Architects memo no. 109: November 2012
another reprise – colour durability
When it was suggested that I tackle the above subject, my
knee jerk, plaintive reply was “but I have already covered
that subject”. When the archivist advised me that was back
in 1984, I agreed that the boss had a point!
Architecture is a strange amalgam of art and practicality
and the role of paint in architecture aptly reflects this
dichotomy. Colour schemes play a major part in the area of
aesthetics and consequently, the ability for paints to retain
colour ‘fastness’ can determine the longevity of the original,
Colour in paints is provided by pigments (we will include
black and white, even though they are not strictly colours)
of which, in this highly technological world, there are literally
hundreds. It is the ability of all these various chemistries
to interact with light, absorbing some wavelengths and
reflecting others, that produces the phenomenon of colour.
Drilling deeper into the chemistry of pigments, it is found
that only specific ‘linkages’ in their molecules are involved
in this interaction, which gives each of these pigments its
characteristic shade. These groups are called chromophores.
As long as the chromophore remains intact, the colour stays
true – if it becomes damaged, the colour loses its integrity.
The major aggressors are chemical (including atmosphere
chemicals such as oxygen, and, in thermal areas, hydrogen
sulphide) and physical (primarily U.V. and visible light).
The most stable of chromophores are produced by metal
oxides, especially chromium III (green) and iron (red and
yellow ochres). These pigments are almost impregnable
even though they are sometimes accused of ‘fading’. The full
‘richness’ of any coloured pigment is only achieved when
it is fully encapsulated in a binding resin. In an exposed
paint, this resin layer will slowly erode away, leaving some
unbound pigment on the surface. In this unbound state, the
pigment loses some of its perceived ‘richness’ and appears
to have faded. The fact that it hasn’t can be shown by the
observation that the original colour can be ‘restored’ when
wetted with water. This, indeed, is a good test to see whether
any suspected ‘fading’ is truly fading or simply film erosion.
There are virtually no technical or commercial draw backs
with the above pigments – the only issue is a very limited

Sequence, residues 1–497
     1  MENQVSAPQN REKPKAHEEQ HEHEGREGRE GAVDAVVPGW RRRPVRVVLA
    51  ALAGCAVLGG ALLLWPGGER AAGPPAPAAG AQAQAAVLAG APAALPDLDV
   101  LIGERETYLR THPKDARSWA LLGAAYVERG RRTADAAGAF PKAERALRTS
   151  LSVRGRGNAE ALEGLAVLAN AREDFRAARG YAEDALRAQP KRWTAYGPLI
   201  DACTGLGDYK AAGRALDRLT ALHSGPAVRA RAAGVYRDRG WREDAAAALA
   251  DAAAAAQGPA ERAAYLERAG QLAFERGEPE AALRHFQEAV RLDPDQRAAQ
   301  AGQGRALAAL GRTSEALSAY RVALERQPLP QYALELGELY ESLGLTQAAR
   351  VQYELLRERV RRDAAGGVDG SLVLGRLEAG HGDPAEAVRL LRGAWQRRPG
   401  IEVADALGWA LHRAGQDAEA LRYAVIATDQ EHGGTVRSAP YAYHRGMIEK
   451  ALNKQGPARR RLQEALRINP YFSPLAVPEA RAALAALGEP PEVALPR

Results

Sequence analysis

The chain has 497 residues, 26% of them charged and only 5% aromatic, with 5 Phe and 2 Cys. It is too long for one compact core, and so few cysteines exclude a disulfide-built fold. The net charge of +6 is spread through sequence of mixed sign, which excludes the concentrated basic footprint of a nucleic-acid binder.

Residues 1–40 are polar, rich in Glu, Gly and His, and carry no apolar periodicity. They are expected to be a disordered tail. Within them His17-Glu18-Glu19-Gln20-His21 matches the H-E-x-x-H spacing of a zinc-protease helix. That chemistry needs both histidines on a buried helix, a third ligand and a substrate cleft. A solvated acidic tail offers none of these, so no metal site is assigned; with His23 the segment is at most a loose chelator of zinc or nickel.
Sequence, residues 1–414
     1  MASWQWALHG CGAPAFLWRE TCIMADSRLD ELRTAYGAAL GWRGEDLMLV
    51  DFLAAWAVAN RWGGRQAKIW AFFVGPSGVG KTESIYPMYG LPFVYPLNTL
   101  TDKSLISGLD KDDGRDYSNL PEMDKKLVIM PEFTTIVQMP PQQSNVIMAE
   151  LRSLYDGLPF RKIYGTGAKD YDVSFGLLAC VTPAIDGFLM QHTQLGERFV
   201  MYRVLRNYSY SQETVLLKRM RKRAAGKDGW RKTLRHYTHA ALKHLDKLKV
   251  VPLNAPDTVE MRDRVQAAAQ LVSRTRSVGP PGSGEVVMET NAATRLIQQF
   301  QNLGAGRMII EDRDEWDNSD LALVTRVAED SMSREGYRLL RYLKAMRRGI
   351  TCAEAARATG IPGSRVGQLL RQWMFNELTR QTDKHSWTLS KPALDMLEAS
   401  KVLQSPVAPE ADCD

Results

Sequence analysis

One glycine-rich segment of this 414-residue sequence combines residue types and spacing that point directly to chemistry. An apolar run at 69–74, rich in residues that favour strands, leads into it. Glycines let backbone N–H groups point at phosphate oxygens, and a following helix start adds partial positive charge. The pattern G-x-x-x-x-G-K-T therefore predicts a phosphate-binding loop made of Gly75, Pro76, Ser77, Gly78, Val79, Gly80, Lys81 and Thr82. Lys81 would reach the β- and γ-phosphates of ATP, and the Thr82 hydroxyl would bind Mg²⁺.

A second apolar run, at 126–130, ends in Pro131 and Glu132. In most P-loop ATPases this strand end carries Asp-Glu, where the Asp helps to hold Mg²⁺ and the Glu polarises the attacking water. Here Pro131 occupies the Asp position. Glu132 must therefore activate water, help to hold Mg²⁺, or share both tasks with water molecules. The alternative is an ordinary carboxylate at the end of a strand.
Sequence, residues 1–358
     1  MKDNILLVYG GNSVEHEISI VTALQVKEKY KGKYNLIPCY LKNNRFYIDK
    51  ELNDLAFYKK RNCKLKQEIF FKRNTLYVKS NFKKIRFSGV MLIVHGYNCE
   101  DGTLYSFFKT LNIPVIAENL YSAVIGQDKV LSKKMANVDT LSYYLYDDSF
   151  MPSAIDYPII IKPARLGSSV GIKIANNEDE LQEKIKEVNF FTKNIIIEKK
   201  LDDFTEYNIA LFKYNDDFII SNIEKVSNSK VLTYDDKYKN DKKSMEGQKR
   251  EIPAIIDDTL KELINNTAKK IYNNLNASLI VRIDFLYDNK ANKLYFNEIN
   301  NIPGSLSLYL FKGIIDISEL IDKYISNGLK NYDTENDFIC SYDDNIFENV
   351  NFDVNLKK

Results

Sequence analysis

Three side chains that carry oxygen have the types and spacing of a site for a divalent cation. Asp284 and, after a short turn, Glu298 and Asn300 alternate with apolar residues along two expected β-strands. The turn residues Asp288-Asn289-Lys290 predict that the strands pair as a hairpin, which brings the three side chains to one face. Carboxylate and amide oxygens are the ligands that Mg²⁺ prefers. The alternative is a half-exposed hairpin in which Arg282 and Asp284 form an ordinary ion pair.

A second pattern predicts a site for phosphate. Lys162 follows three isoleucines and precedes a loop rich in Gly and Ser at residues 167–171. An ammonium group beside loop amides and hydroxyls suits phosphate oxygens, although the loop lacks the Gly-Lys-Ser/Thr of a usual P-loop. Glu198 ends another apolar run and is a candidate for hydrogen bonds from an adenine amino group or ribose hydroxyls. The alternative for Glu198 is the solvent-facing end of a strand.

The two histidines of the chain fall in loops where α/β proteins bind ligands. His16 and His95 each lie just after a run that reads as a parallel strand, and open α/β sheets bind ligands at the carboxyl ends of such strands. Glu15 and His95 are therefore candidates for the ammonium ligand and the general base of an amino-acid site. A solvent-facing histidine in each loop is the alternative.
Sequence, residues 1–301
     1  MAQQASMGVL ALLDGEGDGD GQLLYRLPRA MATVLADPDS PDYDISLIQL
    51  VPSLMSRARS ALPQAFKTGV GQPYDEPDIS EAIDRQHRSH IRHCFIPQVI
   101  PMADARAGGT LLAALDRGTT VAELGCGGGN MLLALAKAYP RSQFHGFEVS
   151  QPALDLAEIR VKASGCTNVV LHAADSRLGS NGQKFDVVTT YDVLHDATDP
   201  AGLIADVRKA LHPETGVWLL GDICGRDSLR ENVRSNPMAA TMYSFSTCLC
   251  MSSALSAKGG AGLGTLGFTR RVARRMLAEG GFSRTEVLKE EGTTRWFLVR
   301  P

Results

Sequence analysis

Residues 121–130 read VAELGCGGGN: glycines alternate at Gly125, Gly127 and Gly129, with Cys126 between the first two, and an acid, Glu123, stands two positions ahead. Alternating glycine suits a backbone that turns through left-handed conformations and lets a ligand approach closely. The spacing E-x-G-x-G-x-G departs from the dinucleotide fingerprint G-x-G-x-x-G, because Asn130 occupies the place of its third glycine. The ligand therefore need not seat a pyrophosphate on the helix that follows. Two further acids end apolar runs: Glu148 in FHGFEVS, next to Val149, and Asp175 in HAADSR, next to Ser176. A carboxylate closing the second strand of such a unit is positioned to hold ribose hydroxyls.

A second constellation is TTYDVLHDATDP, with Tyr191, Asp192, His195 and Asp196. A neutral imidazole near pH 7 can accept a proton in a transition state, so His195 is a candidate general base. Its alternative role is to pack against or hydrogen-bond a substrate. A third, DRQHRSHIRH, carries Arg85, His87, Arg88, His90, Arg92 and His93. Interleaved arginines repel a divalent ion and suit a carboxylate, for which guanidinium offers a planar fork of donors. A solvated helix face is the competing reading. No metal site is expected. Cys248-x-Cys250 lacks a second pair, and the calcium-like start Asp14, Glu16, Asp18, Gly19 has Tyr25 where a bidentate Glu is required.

Stepping a little down from these ‘bullet proof’ pigments (in
which can be included oxides of titanium (white) and carbon
(black)) are a range of sophisticated, durable and expensive materials called ‘mixed metal oxides’ which typically involves
‘doping’ titanium, chromium, cobalt, or iron oxides crystals
with other exotic metal atoms. While these extend the
existing colour range (at quite a price penalty) it still remains
The dramatic expansion of colour shades came with the
discovery of organic dyes and pigments; starting with Perkins
Mauve in 1856 and followed by a veritable explosion of
colour technology around the turn of the 20th century, which
subsequently provided the basis of the modern chemical
industry. The most efficient, innovative and feared chemical
company the world has seen was called I.G Farben which
is one of the conglomerates that underpinned the scientific
and industrial efforts of Hitler’s Third Reich. I.G (Interessen-
Gemeinschaft) Farben literally means “those with a common
interest in colour”.
The organic chemical industry developed many new
chromophores that produced a hitherto unknown range of
brilliant colours. The stability of these new chromophores
was not always great (some were reported as fading in a
full moon) and the thrust of the pigment industry has been
to find more and more stable chromophores or to build
protective, umbrella groups around less stable chromophores
to improve their stability.
The commercial reality today is that there is available a wide
range of pigments with an equally wide range of price and
quality. Take the BS5252 colour 04E53. There would be at
least 20 different ways of formulating this colour, which,
judged from the initial hue, would be indistinguishable from
each other. The quality of the pigments used only becomes
evident with time. A poor pigment selection would see
dramatic colour change within two years; the Resene colour
used on the façade of the School of Architecture building in
Wellington is still (relatively) true to colour after 18 years.
All pigments are classified by international colour standard
testing for light and weather fastness and Resene is happy to
supply this data on each of the pigments used in their colour
system, on request.
Looking back over this memo (on my second G&T), I realise
that it has barely skimmed the surface of a tricky subject –
please come back to us if we can usefully expand.
Download as a pdf. (You will need Acrobat Reader).